which was connected with the object of

giving credit, by taking out of the marIn a committee of the whole House, ket the unfunded debt. Since DecemMr Hobart in the chair.

ber laft, there had been incurred of exMr Pitt rose. He said, that confider- traordinaries 535,000l.; for the ordnance ing the extent of public burthens, and 200,000l.; and the expence of barracks the care that ought to be taken to make 267,00ol. This last subject he proposed the pressure as little felt as possible un- discusling, if gentlemen thought proper, der the collateral circumstances of hav- on another day; besides, there had been ing lately received an account of the dif- iffued out of the civil lift 100,000l. for pofition of those that exercise the powers foreign services; 25,000l. for the emiof government in France; he was aware grated clergy of France; together with that the subject was a subject of the 127,00ol. further issued for the army exgreatest magnitude and importance that traordinaries, in addition to the vote' of ever arrested the attention of that House, credit, which amounted to 2,500,000l. as it comprehended the ultimate destiny which had been voted before Christmas. of this and all other countries of Europe. Another provision was, for funding such After baving accurately examined the part of the unfunded navy debt as had subject on all sides, approached the not been provided for, fo as to leave no House with that of confolation burthen, the intereft of which would not which every friend of this country must at least be provided for. Allowing, then, feel, and which must finally disappoint that the whole unfunded navy debt, the ambitious views of our enemies. The since the 31st December 1791, to be fubject comprehended several objects: 1,640,000l. a provision was to be made first, a substitute for a provision for that for future navies, supposing the war to tax which he thought proper to relin. last to the 31st of December 1796; the quish on printed cottons; together with sum appropriated for that purpose would other new services, which must be pro- exceed the calculation by 1,500,000l. vided for; and thirdly, a means of ad- out of the 4,000,00pl. of the navy debt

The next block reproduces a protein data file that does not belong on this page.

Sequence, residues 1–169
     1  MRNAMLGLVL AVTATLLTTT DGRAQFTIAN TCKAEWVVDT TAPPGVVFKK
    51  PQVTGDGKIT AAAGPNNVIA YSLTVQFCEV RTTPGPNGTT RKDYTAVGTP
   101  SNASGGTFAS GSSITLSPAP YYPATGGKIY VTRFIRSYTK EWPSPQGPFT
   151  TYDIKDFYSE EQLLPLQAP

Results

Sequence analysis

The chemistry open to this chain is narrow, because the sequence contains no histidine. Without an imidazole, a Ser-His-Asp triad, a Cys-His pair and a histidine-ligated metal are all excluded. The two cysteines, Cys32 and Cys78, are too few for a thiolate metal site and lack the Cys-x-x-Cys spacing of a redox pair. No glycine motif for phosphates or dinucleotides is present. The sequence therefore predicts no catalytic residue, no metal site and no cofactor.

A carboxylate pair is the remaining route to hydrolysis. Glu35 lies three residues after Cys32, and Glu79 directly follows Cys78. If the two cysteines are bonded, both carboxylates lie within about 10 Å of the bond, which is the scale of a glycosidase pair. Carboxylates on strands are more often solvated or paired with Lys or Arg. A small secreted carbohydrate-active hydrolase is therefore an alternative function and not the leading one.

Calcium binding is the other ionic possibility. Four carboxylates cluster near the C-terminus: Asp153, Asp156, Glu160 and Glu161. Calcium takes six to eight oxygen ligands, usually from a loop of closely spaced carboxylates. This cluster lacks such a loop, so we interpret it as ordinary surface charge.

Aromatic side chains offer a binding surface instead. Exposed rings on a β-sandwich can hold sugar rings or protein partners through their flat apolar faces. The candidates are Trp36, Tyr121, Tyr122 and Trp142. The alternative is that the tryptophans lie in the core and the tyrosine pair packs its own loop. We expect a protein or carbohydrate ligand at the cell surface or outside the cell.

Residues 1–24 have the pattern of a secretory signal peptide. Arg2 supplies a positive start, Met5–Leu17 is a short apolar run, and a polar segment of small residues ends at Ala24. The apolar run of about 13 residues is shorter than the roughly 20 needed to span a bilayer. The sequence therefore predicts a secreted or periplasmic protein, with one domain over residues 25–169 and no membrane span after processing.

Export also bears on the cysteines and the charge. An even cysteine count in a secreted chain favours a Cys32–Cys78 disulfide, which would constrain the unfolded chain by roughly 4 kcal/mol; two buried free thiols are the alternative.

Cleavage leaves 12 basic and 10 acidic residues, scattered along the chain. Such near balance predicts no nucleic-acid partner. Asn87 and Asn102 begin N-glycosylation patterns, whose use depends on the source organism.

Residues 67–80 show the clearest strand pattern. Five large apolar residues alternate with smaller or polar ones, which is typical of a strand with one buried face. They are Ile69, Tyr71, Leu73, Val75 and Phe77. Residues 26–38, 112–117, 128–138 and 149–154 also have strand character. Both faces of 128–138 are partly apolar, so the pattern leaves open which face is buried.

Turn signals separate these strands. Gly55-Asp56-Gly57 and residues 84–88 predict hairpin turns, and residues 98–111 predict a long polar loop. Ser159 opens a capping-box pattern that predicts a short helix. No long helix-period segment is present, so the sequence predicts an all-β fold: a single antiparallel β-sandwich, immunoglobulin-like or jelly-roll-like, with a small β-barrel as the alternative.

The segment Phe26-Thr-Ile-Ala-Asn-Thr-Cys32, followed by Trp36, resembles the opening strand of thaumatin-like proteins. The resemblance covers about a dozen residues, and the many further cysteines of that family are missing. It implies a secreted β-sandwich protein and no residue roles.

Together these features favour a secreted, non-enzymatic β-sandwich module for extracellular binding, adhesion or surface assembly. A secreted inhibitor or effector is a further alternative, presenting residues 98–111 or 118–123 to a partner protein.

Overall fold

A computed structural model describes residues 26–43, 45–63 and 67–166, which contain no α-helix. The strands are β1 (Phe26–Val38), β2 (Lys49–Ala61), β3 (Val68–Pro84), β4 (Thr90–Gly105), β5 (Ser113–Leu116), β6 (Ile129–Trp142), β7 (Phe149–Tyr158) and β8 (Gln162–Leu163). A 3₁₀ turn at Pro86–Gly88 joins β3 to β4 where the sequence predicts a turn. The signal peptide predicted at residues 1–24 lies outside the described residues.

WAYS AND MEANS.